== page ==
Wednesday, May 19, 2010

Player’s lack of commitment, or developer’s failure?

I’m a great fan of horror games, like Resident Evil, which after each iteration has become less and less of an horror game. Silent Hill, which had its missteps but had a great comeback, in my opinion, with Shattered Memories. Another fairly recent game that stroke me as great horror game is Dead Space. Another interesting thing about these games is. As a big horror fan, I have a lot of fun with these games. Granted I play them under the right circumstances: At night, with head phones in high volume and alone. So I do get the occasional scare, and most of the time I’m on my toes about when will the next monster jump on me.

I get to enjoy the atmosphere, the action, the suspense, the surprises, the story. It’s all a great package for me. So I can tell you those are great games, but, I’ve ran across more than a few threads and messages of friends and people in the internet that say they haven’t felt a single thing with the game.

Since I have, I know those things are there. So the question I ask myself is: Are the players around the world, afraid of being afraid of these games, and thus playing and exposing themselves to it in situations were the only option is to ridiculize the game and don’t feel anything?

Or is it a lack of imagination and work from the developers to attempt and convince these players that the game’s worth their attention, or even scare them in the light? (Resident Evil 5 rings any bells?). I’m more convinced of the former.

Horror experiences are fragile, yet powerful experiences that must be exposed to the person, in very particular situations for maximum effect. So if the person buys the game and thinks that playing it in the middle of the day with a bunch of friends around is going to be any good, they’re wrong. It might work for the more easy to impress ones, but for the overall audience, it just won’t cut it.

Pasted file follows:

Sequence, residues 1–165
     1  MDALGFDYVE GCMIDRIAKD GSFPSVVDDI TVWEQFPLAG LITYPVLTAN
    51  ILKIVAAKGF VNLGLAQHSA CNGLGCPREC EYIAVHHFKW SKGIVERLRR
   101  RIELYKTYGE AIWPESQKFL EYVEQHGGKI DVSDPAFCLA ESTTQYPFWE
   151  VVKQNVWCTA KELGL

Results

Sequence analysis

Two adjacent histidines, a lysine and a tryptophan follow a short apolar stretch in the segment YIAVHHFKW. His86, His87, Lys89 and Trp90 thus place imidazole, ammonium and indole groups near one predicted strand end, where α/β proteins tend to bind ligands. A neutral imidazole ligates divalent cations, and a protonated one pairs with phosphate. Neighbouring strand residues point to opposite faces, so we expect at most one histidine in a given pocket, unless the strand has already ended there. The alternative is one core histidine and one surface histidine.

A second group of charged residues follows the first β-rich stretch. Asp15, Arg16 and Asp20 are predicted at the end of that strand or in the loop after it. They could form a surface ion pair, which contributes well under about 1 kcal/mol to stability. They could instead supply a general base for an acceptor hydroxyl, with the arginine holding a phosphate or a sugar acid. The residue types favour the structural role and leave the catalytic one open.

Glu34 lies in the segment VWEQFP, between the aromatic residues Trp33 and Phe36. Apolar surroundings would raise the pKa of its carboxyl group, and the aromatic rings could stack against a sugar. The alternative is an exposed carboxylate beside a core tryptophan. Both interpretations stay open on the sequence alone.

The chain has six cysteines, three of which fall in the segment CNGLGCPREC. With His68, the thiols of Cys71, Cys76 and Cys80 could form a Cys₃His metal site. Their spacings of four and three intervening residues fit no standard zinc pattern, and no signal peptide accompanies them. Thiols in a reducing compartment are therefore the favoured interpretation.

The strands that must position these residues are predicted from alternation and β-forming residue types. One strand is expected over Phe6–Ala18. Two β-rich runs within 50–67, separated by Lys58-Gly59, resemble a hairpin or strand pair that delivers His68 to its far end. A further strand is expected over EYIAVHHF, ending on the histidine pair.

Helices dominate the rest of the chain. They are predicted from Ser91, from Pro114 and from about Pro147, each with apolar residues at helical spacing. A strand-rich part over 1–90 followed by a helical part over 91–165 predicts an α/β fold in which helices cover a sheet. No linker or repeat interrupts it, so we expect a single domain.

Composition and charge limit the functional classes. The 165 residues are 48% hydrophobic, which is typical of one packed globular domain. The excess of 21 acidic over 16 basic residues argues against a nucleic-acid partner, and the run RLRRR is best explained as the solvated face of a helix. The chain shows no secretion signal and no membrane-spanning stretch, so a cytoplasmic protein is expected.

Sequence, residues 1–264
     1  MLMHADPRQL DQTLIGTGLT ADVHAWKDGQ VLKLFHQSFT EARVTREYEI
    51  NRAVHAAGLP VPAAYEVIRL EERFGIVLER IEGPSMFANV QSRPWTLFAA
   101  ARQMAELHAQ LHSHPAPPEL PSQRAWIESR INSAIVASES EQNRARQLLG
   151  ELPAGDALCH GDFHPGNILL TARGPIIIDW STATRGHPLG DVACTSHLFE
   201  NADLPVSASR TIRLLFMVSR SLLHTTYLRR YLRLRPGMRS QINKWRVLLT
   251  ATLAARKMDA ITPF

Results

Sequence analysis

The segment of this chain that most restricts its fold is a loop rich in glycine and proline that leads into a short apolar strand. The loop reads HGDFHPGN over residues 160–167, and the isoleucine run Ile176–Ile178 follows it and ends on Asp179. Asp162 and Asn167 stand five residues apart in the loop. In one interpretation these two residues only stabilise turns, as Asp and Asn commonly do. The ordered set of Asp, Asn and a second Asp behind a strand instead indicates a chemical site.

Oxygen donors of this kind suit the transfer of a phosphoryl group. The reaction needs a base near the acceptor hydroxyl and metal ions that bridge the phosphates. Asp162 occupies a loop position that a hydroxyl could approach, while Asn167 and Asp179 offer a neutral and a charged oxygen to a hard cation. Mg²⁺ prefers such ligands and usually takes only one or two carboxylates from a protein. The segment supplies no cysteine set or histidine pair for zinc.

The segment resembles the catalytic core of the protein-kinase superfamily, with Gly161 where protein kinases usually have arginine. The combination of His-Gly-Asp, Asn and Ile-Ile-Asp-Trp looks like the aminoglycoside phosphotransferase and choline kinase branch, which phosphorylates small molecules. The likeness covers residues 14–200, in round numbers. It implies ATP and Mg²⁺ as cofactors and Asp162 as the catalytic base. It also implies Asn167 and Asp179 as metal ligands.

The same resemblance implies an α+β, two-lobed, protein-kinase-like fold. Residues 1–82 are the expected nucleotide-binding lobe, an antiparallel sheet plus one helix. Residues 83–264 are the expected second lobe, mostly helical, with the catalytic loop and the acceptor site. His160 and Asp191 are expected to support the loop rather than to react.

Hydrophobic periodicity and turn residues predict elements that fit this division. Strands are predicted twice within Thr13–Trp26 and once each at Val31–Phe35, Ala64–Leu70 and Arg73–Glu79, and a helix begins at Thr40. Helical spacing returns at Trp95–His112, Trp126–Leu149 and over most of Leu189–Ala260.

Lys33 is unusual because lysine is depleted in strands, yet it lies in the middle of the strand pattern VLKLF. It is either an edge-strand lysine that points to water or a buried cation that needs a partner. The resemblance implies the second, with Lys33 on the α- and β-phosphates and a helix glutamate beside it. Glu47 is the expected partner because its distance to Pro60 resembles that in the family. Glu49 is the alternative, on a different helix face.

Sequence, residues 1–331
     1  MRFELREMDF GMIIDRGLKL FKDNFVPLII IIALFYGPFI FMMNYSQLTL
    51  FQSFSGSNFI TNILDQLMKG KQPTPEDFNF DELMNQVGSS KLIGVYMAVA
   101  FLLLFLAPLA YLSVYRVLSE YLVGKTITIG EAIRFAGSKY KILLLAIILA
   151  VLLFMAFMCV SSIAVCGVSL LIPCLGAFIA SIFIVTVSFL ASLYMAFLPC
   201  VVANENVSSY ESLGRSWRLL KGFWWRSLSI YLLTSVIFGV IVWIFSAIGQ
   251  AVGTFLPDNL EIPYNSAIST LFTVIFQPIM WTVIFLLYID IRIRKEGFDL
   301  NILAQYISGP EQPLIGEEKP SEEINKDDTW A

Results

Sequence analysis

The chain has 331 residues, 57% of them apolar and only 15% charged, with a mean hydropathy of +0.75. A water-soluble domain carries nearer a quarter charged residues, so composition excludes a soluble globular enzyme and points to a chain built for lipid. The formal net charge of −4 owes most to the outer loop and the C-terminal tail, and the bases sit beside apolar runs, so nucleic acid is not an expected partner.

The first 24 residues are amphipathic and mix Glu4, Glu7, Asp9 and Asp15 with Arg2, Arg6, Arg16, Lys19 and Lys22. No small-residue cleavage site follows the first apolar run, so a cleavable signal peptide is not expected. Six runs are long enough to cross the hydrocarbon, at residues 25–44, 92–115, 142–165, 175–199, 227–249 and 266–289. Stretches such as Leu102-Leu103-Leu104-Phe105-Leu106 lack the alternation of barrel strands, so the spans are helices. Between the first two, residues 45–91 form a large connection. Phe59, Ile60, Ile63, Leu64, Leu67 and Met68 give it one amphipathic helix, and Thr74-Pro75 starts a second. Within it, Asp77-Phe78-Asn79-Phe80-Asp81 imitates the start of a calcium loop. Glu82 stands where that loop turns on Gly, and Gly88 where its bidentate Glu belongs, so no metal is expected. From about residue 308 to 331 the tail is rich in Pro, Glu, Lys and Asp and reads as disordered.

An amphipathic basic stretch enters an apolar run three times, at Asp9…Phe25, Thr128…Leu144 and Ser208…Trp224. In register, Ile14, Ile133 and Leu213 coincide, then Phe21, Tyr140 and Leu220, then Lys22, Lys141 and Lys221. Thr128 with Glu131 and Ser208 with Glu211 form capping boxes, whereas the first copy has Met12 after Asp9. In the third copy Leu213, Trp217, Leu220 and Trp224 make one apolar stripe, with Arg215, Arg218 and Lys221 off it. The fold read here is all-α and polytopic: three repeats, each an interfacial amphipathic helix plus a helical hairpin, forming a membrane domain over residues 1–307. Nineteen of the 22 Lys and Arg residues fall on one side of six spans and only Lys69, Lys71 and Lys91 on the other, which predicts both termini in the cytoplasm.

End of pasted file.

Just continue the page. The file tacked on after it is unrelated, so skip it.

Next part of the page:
So I would have to say that there’s an absolute lack of understanding on how to play and enjoy these horror experiences. And if they indeed don’t get scared with the game even playing it under the circumstances I pointed out above, then maybe they’re just afraid of being afraid of something. Which is something bad, because you can only hold your emotions for so long and for so much stimulus. They might not be impressed by a game, but I’d like to see them react to the real thing.

Lastly, I’m not afraid of feeling fear, being afraid, jumping in my couch and feeling those strong emotions, because I believe that’s what those games are for, and that’s the greatest way to enjoy them. So if you have a horror game in your shelf that you didn’t enjoy because it felt bad, wait for nightfall, get to play it alone and with the volume high enough for you. It will be a whole new experience.

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Let's try to stay positive, huh? After all I don't get out there yelling trash about you at the top of my lungs, do I? Don't be a troll and post a constructive complaint, if you must!